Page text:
Cruise ship volunteers unhappy with their treatment by Port of Newcastle

By admin • 苏州性息 • 18 May 2019

An early artists’ impression of what the proposed terminal would look like.WITH the first of the season’s vesselsdue in Newcastle next month, the city’s cruise terminal operations appear to be hitting choppy waters.
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In one dispute, the volunteers who greet cruise passengers at the wharf say they have been “dumped” by the port operator, which told them it was handing that responsibility over to Newcastle City Council, which has volunteers who greet the passengers after a bus ride to the city.

The Port of Newcastle volunteers pictured with long-time cruise ship advocate Dave Brown in a promotion for National Volunteers Week in May this year.

In another, there is still no resolution to a funding standoff over the cruise terminal the government said would be ready for this season when it announced it two years ago.

The government committed $12.9 million to build the structure, but the Port of Newcastle confirmed in June that it needed as much as $4 million more to build it.

Both sides say talks are continuing, but observers say the push to build a container terminal in Newcastle against government policy is putting the port operator offside with Macquarie Street.

Read more:DP World says Newcastle would be viable without the container fee

There are also concerns that Newcastle is sliding down the statewide cruise ship hierarchy, with Port Kembla and Eden promoted heavily in a new state government Cruise Development Plan, unveiled in July.

With the cruise industry booming, Newcastle had been hoping to cash in on the overflow from Sydney, with calls for it to develop “home port” facilities to allow refuelling and provisioning to maximise the economic benefit.

Former Port of Newcastle chief executive Geoff Crowe and the Parliamentary Secretary for the Hunter, Scot MacDonald.

But the new report identifiesBotany Bay as the preferredSydney overflow, with Newcastle and other regional ports to be “predominately used for passenger transit calls aimed at attracting day visits”.

The Newcastle Herald has spoken with port and tourism figures over the cruise ship situation, with all expressing concern but not wanting to be identified.

One operator who would be named, Cheryl Clarke of Discover Newcastle Tours and Transfers,said she had only been in the industry a year but felt more could be done to present Newcastle in a better light to cruise ship visitors.

She described a situation at Queens Wharf last season where passengers disembarking fromthe bus bringing them from Carrington wereconfronted by “a scrumof operators lunging in front of people with brochures”.

Unofficial cruise schedule for the coming season. Courtesy Richard O’Connor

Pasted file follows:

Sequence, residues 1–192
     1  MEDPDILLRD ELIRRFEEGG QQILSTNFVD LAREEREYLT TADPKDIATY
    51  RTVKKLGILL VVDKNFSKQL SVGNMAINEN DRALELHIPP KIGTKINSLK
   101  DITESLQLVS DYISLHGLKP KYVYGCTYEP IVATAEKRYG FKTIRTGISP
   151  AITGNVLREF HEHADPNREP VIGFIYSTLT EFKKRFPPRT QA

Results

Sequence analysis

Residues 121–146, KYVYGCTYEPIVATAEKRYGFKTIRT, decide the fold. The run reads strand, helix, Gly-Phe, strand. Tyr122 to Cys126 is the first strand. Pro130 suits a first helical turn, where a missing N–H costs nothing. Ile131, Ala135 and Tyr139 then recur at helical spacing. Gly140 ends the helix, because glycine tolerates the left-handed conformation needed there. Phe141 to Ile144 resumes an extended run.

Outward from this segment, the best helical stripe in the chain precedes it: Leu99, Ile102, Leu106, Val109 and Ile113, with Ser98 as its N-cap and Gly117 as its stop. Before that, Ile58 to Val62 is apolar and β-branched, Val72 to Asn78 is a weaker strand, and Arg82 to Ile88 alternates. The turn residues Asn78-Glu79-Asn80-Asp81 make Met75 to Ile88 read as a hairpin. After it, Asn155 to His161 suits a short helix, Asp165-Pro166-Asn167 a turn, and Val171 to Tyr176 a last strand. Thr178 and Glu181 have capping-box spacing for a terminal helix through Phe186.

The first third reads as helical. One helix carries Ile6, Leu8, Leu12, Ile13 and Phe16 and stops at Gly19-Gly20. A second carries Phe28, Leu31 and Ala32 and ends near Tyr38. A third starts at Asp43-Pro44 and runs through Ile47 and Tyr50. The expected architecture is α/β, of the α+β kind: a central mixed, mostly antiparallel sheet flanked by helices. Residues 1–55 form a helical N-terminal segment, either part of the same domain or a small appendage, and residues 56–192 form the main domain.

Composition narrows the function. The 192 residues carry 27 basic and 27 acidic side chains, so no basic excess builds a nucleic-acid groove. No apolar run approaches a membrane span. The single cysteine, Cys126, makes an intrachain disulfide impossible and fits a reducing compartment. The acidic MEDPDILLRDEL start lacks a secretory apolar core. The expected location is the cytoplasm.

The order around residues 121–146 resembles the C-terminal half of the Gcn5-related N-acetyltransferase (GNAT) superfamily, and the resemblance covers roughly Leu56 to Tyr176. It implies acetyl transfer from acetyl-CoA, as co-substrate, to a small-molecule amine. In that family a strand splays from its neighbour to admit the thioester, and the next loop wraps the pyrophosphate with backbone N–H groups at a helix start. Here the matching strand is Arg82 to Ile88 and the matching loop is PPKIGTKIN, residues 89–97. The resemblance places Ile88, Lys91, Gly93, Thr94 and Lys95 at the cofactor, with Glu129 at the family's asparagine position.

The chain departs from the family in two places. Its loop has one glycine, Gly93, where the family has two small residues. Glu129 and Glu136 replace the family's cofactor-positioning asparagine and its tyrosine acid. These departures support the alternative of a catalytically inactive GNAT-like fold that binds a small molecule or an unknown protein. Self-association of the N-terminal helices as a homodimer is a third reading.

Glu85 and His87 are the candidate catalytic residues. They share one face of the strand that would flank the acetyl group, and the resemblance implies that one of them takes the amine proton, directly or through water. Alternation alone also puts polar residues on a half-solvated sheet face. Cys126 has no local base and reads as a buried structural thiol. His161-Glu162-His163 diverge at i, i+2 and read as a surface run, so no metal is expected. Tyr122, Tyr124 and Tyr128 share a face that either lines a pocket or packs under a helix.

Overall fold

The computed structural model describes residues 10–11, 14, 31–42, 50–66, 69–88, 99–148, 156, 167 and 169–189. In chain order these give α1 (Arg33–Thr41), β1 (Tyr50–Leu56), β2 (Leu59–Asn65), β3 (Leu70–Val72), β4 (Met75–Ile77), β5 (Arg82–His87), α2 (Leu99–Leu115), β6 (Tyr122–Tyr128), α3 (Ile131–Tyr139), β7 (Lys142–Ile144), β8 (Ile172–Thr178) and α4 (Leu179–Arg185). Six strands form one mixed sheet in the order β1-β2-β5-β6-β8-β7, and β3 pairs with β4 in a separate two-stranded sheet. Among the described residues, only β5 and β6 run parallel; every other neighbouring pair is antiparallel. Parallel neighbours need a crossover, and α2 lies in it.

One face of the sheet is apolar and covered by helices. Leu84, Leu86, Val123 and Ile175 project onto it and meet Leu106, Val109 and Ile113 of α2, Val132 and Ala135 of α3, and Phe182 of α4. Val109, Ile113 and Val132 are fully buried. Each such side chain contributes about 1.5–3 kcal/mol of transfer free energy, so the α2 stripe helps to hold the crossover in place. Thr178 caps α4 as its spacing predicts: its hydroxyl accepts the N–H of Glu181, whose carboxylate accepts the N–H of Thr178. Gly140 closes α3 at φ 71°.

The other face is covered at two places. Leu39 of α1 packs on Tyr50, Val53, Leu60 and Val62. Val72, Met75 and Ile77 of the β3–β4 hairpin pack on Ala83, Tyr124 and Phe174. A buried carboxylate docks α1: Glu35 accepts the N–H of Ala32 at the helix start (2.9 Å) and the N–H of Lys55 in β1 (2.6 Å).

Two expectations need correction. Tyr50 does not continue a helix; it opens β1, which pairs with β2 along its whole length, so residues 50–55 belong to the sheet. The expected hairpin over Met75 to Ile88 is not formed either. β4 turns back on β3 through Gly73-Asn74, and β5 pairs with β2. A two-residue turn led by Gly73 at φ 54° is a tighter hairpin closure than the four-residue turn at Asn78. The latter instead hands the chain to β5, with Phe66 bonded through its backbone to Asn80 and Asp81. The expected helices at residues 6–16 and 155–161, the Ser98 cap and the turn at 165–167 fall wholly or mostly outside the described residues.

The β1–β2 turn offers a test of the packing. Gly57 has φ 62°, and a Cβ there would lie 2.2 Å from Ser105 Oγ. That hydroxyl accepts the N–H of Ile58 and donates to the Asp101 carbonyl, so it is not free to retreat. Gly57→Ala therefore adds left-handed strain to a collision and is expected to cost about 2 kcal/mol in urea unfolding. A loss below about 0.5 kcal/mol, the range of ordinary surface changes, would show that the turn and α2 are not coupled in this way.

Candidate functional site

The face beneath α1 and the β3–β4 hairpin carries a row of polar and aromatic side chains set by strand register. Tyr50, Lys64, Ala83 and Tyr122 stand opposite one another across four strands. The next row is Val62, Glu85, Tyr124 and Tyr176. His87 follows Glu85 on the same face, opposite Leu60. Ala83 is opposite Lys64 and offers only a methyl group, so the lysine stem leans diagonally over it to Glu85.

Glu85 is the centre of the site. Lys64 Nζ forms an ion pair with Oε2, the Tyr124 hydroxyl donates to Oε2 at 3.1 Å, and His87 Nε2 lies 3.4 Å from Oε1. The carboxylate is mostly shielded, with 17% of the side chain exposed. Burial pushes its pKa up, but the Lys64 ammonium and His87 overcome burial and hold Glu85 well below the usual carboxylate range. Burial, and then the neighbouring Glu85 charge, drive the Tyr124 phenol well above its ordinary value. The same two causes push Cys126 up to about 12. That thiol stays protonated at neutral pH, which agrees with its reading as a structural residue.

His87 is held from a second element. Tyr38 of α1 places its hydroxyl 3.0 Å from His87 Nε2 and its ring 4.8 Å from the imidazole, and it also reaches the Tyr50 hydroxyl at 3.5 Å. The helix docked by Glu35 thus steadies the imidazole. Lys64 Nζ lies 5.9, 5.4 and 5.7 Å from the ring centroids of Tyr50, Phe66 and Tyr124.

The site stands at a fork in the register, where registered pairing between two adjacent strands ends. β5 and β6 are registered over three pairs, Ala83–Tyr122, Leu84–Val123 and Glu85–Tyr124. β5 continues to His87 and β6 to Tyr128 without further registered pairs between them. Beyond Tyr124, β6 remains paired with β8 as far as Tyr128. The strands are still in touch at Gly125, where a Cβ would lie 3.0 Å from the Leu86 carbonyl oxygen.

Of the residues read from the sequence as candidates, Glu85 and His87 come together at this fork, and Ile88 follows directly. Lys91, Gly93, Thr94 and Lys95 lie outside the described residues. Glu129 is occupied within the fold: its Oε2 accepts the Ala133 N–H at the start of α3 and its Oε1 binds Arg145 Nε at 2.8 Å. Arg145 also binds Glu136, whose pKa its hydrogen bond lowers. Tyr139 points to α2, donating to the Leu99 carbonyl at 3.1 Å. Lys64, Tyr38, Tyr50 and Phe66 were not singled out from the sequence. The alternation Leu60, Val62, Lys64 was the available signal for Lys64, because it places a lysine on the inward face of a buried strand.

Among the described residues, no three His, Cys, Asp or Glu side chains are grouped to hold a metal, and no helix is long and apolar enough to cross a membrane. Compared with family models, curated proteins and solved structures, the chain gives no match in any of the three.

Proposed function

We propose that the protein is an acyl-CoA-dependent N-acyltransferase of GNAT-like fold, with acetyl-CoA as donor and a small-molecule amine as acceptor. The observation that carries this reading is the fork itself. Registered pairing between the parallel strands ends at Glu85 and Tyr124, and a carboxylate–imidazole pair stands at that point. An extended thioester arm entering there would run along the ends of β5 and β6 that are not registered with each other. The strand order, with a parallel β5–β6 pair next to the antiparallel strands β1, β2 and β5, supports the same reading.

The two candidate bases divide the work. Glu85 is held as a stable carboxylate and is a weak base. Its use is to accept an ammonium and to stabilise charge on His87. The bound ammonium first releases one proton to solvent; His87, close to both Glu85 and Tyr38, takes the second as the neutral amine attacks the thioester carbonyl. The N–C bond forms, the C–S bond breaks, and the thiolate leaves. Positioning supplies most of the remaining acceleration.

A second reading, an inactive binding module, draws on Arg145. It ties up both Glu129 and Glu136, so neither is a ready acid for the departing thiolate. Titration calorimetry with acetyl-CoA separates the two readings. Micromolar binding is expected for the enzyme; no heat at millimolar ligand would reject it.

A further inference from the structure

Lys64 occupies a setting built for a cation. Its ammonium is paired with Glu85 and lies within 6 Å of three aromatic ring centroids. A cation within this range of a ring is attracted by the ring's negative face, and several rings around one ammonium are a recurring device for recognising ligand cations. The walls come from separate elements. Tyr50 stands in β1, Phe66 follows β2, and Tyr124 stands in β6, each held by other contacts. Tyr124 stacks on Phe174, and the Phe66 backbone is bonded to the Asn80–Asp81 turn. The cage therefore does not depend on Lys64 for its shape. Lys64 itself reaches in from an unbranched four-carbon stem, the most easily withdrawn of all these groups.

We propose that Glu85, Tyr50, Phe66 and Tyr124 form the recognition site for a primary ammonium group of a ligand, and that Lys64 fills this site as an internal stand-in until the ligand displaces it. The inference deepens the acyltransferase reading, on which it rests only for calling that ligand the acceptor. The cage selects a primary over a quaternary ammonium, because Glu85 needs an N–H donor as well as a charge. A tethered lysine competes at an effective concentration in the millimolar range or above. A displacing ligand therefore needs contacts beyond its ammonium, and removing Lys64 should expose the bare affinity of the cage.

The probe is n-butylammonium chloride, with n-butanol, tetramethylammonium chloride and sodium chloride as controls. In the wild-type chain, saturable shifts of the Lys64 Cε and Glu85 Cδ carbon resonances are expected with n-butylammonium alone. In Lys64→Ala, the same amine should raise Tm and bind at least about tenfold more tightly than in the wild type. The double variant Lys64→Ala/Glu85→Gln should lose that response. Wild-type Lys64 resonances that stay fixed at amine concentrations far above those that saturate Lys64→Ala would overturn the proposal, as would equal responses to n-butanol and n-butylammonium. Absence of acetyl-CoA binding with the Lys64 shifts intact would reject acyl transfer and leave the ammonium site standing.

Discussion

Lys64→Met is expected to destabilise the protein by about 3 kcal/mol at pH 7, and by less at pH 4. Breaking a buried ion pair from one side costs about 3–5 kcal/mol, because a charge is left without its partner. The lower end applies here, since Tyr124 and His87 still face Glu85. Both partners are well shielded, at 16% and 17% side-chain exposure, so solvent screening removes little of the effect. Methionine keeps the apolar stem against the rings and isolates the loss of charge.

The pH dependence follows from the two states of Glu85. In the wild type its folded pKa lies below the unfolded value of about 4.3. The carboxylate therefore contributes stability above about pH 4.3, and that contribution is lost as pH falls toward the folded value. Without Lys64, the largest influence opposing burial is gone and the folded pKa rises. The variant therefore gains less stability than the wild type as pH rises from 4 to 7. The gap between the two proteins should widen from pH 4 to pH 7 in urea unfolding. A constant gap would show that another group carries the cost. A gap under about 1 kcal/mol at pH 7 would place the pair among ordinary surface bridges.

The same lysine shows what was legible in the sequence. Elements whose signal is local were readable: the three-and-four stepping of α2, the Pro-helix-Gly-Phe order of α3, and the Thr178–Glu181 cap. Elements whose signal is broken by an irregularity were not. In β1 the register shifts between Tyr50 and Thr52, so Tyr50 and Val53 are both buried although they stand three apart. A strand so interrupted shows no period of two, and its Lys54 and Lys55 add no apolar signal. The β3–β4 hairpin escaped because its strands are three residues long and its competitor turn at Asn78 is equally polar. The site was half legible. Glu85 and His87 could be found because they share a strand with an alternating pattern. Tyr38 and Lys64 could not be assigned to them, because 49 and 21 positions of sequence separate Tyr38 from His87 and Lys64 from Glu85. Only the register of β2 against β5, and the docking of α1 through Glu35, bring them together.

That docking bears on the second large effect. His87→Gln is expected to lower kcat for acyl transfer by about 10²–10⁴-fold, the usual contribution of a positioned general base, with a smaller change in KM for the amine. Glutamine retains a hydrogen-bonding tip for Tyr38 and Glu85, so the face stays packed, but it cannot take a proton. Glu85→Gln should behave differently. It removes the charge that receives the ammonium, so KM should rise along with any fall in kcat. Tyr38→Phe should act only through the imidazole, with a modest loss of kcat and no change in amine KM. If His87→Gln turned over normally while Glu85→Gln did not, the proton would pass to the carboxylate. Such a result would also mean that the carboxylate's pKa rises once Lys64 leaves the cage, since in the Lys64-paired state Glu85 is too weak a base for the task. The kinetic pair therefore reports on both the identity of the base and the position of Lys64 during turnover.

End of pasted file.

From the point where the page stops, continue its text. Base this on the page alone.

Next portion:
“It was a bit embarrassing really, and I said at the time that we need a more co-ordinated approach,” Ms Clarke said.

On the volunteers, the Herald understands there are three lots: the group being shifted to council control, an existing council group that meets passengers in the city, and a third group operated by Newcastle Now.

Ms Clarkesaid she had met a number of thevolunteers and said they were doing a good job and were“good ambassadors for Newcastle”.

Whenthe volunteers contacted theHeralda fortnight ago theysaid:“We were today told that thePortof Newcastle has dumped us, believing that the council should manage us.”

They said they had concerns in June when the port’s trade and business development officer, Dave Brown, left the organisation, but were told they were“safe”.

Mr Brown, who was also along-time co-ordinator of Cruise Hunter, declined to comment on the situation, saying he had moved to a new role with National Parks and Wildlife.

Radiance of the Sea in Newcastle. Picture: Dean Osland

The volunteers said it was ironic the port had praised themduring National Volunteers Week in May, saying:“Port of Newcastle would like to salute it’s cohort of 40 cruise ship volunteers who have been welcoming visitors to our shores for more than 15 years.

“Thank you for the unique service you provide to the Port and the City of Newcastle.”

As many as 18 visits are scheduled for this season. The volunteers said the first ship on October 25 hadonly 114 passengers but five days laterCelebrity Solsticewould bring 2850 people.

“The biggest ship, entering twice,isExplorer of the Seaswith 4029 people, both visits ona weekend,” they said.

“In February, we have three ships in six days withalmost 11,000 people to look after. You have to consider that we arevolunteersand this is the largest amount of work required of us.

Artwork of the proposed terminal.

“All we cost the portis a shirt, a drink and a bag of chips. That’s all we actually want.”

Soon after theHeraldraised questions about the volunteers’ concerns, one of them emailed to say that several of their group had been rung by the port and“warned not to speak with your newspaper”.

The port and the council have repeatedly declined to comment on the situation beyond saying that negotiations begunearlythis year to shiftthe port’s volunteer program tothe council were continuing.

The state Labor member for Newcastle, Tim Crakanthorp, said he was concerned about the lack of progress on the funding, and accused the government of going slow onthe proposal.

“This Government needs to stop playing petty politics with the Port of Newcastle, simply because they want the container cap removed and the Liberal’s port rort addressed,” Mr Crakanthorp said.

He noted that the Greater Newcastle Metropolitan Plan referenced the Newcastle cruise terminal 14 times.

“If this project falls over this will hang on the government for failingto work with the Port of Newcastle to find a solution,” Mr Crakanthorp said.

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